Michael Page

Aquarian Press, London, 1988.

Readers of Craze's skillful discussion of feng shui may like to broaden their understanding of that elusive phenomenon known as chi'. Page is the man to enlighten us, and he gets to the crux of the matter thus:

"Whatever form it takes, chi' is energy expressed in material form: light, strong and subtle ch'i floats as air; heavy, weak and coarse ch'i sinks to form solid substance." (p.11)

So there's a useful distinction to be going on with. But how far may we go? On the same page we find this:

"In its weak or coarse form, ch'i is not precisely identical to but is closely associated with, and conveyed in, the air breathed in through the lungs, kidneys and pores."

Now everything's up in the air, heavy or not. And we see that Page has the marvellous ability to breathe through his pores and kidneys.

Later on in the book, we have more of the wisdom of feng shui, in a consideration of bedrooms:

"a bedroom should not be placed over an empty room or garage, because stagnant ch'i will accumulate there and infect the room above." (p.79)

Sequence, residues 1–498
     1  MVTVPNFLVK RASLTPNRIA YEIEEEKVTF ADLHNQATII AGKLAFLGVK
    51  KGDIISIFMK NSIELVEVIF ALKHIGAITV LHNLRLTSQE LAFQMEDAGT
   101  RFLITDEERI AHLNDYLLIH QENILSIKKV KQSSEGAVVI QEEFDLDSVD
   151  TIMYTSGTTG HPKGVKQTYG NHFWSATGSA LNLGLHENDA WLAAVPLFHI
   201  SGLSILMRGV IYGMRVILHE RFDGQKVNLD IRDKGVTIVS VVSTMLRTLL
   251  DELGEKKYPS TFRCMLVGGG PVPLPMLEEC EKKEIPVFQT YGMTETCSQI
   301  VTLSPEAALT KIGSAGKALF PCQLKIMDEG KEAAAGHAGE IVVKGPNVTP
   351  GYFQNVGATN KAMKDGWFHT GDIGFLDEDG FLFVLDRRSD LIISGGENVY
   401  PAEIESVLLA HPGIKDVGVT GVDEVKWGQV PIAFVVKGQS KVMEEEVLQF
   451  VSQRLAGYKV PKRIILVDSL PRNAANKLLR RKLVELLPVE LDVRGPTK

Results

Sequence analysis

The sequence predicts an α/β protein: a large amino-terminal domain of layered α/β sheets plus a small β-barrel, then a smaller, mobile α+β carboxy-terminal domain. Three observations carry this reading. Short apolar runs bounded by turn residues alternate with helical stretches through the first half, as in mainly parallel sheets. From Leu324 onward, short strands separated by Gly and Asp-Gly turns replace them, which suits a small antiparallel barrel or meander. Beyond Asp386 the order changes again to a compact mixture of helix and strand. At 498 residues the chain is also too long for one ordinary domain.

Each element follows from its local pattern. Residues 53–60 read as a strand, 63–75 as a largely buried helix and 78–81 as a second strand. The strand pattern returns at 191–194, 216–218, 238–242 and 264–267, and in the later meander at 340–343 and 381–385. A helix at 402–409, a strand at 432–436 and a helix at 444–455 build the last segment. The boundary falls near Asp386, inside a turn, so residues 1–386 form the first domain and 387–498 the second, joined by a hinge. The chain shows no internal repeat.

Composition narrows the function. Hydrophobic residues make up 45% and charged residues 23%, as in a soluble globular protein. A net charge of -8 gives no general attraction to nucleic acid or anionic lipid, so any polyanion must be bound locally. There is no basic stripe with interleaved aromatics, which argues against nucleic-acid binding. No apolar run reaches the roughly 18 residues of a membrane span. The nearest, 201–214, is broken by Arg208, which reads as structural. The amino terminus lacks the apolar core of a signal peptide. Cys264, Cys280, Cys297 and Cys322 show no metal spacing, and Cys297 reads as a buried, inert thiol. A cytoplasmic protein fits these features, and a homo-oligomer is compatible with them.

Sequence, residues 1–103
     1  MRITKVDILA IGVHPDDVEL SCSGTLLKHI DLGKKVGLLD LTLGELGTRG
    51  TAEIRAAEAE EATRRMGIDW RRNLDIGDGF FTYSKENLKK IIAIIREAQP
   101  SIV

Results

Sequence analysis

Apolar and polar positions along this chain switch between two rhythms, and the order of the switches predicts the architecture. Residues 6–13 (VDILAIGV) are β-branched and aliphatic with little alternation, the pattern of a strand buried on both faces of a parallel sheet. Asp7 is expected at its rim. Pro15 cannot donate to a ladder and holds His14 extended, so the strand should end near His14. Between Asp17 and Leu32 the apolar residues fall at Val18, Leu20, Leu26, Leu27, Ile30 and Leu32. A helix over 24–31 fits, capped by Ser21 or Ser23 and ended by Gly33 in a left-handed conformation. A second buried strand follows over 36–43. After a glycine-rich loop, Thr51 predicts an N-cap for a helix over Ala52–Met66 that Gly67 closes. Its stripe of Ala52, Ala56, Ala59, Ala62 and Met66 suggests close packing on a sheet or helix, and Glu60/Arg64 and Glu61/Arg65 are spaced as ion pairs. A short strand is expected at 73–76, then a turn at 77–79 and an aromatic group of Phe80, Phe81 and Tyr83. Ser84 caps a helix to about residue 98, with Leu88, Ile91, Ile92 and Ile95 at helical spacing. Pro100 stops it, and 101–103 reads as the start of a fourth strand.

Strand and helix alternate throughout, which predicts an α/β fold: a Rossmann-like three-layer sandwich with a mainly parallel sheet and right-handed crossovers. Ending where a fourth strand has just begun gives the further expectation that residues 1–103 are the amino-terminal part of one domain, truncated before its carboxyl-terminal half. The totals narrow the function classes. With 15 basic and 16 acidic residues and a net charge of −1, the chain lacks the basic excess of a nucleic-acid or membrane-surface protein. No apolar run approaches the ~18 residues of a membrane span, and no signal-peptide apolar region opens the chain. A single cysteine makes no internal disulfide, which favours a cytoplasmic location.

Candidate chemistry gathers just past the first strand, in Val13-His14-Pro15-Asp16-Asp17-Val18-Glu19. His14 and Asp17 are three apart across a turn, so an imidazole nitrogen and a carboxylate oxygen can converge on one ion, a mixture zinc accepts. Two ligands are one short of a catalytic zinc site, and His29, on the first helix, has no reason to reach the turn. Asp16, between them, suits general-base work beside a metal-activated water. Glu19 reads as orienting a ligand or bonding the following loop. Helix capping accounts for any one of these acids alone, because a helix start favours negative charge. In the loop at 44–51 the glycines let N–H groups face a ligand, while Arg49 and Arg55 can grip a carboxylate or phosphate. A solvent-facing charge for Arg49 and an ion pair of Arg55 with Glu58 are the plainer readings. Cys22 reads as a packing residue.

Here we see that stagnant (and presumably heavy, weak and coarse) ch'i accumulates or settles in garages, but still manages to pervade the room above. Is this because the pong of it wafts out through the windows? Page seems to be hinting that ch'i, unlike air, penetrates the ceiling, so that this is not, as it were, mere pong shui.

In his exposition of ancient Chinese thought, Page puts various things in celestial perspective:

"Heaven has four seasons and man has four limbs; heaven has five elements and so man has five internal organs." (p.17)

This seems nice and orderly, until page 65, where we stumble upon a list of eleven organs, plus a mysterious set of "triple burners", making twelve altogether. Perhaps things have changed over the centuries, although, as the author sagely notes,

"the concept of evolution in the Darwinian sense, does not figure largely in Chinese thinking." (p.21)

Is this perhaps because much of this wisdom was laid down thousands of years ago, and Darwin published The Origin of Species in 1859?

Let's deal with the mind before we finish:

"Ch'i is the energy which produces the creative harmony of the yin and the yang, and works for their interlocking. Where does it come from? Modern psychology would say that it is to do with the linking of the right hemisphere of the brain with the left." (p.53)

Good to see our old favourite, the left/right brain again, and notice the powerful insight displayed in that relation, being "to do with".

Finally, Page reveals the foundations of his whole word-view in this over-inclusive confession:

"We all create our lives by a process of constantly imagining, or visualising, our way through every day." (p.56)



Paul Taylor 2001